Boating Under the Influence: Serious Injuries Happen
Author: Katelynn Drake
As warmer weather sets in, many Ontarians are looking forward to getting out in their boats. Although many people use boats without incident, more than 100 people lose their lives to boating accidents each year, and many more are seriously injured.
Alcohol is a significant contributor to boating accidents. According to the Red Cross, alcohol is a factor in more than 50% of boating fatalities. It is well known that alcohol impairs judgement, slows reaction time, impedes vision, and weakens reflexes. As a result, the risk of collision, drowning, or other boating accidents increases considerably when operating a boat under the influence. With that in mind, it is crucial that boaters and their passengers familiarize themselves with the relevant rules, regulations and recommendations that will help to keep them safe.
In Ontario, boat passengers are permitted to consume alcohol if the boat is equipped with a permanent toilet, permanent sleeping facilities, and permanent cooking facilities. The boat must also be anchored or secured alongside a dock. It is the responsibility of the boat’s operator to ensure that these requirements are met.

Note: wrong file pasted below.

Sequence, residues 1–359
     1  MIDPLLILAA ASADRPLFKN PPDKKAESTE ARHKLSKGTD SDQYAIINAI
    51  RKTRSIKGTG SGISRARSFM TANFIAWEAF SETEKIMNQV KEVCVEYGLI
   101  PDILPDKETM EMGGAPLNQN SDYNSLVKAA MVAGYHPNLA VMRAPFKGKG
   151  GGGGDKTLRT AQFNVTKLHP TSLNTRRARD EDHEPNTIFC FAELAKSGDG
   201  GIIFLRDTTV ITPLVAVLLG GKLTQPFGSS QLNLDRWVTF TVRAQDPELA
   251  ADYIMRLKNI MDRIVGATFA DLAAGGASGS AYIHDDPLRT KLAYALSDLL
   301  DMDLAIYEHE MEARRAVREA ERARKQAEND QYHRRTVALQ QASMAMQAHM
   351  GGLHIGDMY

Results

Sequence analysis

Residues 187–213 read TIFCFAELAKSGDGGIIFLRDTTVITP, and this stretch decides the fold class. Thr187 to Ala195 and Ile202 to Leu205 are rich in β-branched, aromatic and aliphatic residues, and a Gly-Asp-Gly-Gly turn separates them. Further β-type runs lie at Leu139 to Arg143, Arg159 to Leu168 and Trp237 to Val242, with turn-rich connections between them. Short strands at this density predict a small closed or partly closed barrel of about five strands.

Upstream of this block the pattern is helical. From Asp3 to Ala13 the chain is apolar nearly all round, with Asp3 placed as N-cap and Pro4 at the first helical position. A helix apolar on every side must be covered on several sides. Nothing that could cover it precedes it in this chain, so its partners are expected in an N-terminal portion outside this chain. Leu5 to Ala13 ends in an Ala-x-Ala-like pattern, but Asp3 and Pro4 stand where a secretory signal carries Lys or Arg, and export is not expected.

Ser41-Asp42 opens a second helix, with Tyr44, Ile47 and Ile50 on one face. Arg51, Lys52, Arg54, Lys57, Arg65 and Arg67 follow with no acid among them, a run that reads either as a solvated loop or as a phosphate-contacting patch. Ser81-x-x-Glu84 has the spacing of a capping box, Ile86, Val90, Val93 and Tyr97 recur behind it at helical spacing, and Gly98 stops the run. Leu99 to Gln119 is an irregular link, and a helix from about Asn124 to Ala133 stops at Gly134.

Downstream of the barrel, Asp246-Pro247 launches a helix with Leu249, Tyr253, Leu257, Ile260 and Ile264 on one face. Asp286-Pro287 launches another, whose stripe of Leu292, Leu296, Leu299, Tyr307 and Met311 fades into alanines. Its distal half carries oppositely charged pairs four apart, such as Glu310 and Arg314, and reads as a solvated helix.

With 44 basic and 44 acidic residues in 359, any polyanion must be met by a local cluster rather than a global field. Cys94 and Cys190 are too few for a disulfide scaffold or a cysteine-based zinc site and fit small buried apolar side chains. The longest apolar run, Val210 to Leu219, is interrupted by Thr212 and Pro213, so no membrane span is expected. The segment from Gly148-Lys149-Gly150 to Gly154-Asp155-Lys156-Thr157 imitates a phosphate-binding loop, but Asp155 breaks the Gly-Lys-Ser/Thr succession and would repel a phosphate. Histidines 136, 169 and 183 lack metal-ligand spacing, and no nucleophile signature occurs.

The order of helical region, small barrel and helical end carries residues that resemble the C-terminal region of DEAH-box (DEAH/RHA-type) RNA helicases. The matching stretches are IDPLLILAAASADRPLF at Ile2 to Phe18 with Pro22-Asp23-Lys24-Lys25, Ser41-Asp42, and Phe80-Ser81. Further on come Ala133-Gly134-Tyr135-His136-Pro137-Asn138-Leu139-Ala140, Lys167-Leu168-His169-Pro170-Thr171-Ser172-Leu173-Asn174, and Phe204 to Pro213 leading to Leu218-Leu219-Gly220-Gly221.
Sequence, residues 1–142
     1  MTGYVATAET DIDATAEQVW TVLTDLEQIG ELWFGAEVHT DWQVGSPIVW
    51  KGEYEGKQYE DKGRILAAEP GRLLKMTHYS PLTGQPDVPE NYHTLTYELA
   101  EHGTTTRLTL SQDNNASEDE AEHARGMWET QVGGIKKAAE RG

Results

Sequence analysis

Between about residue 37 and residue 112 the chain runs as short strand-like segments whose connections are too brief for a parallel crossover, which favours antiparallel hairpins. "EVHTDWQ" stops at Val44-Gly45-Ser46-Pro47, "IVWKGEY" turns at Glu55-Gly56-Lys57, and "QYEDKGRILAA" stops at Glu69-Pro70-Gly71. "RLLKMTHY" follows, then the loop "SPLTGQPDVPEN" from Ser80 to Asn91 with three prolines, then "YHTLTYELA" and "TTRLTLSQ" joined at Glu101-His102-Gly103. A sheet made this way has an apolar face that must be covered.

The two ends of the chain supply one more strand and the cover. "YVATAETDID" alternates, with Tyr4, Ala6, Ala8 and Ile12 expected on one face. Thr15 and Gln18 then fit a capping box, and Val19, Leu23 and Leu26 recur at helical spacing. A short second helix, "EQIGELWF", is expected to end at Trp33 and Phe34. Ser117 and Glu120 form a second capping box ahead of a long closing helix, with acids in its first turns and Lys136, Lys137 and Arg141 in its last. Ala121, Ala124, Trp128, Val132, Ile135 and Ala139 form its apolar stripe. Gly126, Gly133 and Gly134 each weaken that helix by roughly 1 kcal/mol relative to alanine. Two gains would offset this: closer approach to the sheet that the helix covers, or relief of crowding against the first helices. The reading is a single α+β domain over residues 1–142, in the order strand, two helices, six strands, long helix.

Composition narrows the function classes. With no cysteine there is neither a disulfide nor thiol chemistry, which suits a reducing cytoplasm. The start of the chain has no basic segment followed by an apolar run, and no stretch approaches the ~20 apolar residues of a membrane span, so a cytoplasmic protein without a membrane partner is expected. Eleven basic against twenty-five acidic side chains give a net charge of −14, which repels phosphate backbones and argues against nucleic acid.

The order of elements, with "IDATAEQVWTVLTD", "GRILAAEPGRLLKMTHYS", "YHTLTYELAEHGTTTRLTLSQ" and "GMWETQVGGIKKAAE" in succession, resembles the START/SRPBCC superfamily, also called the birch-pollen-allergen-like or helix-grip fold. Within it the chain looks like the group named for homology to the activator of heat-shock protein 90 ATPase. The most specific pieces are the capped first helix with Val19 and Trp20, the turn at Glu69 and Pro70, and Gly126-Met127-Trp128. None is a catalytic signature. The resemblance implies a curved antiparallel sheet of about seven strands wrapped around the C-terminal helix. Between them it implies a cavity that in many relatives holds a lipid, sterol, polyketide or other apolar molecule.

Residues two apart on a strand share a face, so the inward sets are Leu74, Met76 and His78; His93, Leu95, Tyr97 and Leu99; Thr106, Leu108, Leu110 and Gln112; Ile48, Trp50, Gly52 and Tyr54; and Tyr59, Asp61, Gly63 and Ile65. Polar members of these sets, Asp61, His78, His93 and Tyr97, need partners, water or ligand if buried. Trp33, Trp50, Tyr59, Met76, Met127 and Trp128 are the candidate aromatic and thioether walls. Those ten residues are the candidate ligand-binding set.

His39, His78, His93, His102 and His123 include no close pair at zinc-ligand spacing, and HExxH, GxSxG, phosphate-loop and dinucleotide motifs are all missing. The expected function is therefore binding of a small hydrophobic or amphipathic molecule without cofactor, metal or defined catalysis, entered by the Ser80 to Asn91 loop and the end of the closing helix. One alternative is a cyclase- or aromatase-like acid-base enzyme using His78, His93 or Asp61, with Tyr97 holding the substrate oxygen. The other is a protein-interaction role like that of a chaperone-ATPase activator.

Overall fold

When the boat is moving, open alcohol is not permitted on board unless it is sealed, or if it is in a separate, closed compartment. Through the Liquor Licence Act, police enforce rules related to open alcohol on board boats, and boaters will be fined $175.00 for each violation.
It is always illegal to operate a boat while under the influence of alcohol or drugs, including cannabis.
Fines and penalties for operating a boat while under the influence are the same as for operating a motor vehicle. Penalties imposed for impaired boating will affect your licence to drive a car. Similar to impaired driver, drunk boaters may face hefty fines, licence suspensions and even jail time in serious offences.
As of January 1, 2019, a first impaired driving offence may result in a minimum 1-year licence suspension, a 1-year requirement to use an ignition interlock system, a fine of at least $1,000, and other penalties. For second and third offences, those penalties increase in severity.
Despite changes in the laws surrounding possession and consumption of cannabis, operating a boat while impaired by cannabis is illegal and will result of serious penalties.
These boating rules are in place for very good reason – as already discussed, alcohol plays a part in the majority of serious boating related injuries. Catastrophic injuries or causing the death of someone is tragic and can have a devastating effect on those injured and their families.
Most boating injuries can be prevented. Boaters are well advised to avoid drinking, using drugs, and engaging in other risky behaviour while operating a boat. Passengers should always wear a life jacket, especially if consuming alcohol. It is said that the use of life jackets decreases the risk of drowning by up to 90%.
If the negligent or careless operation of a boat resulted in injuries to you or a loved one, we may be able to help. The laws surrounding boating negligence are complex, but the team at MD Lawyers can help to navigate the waters.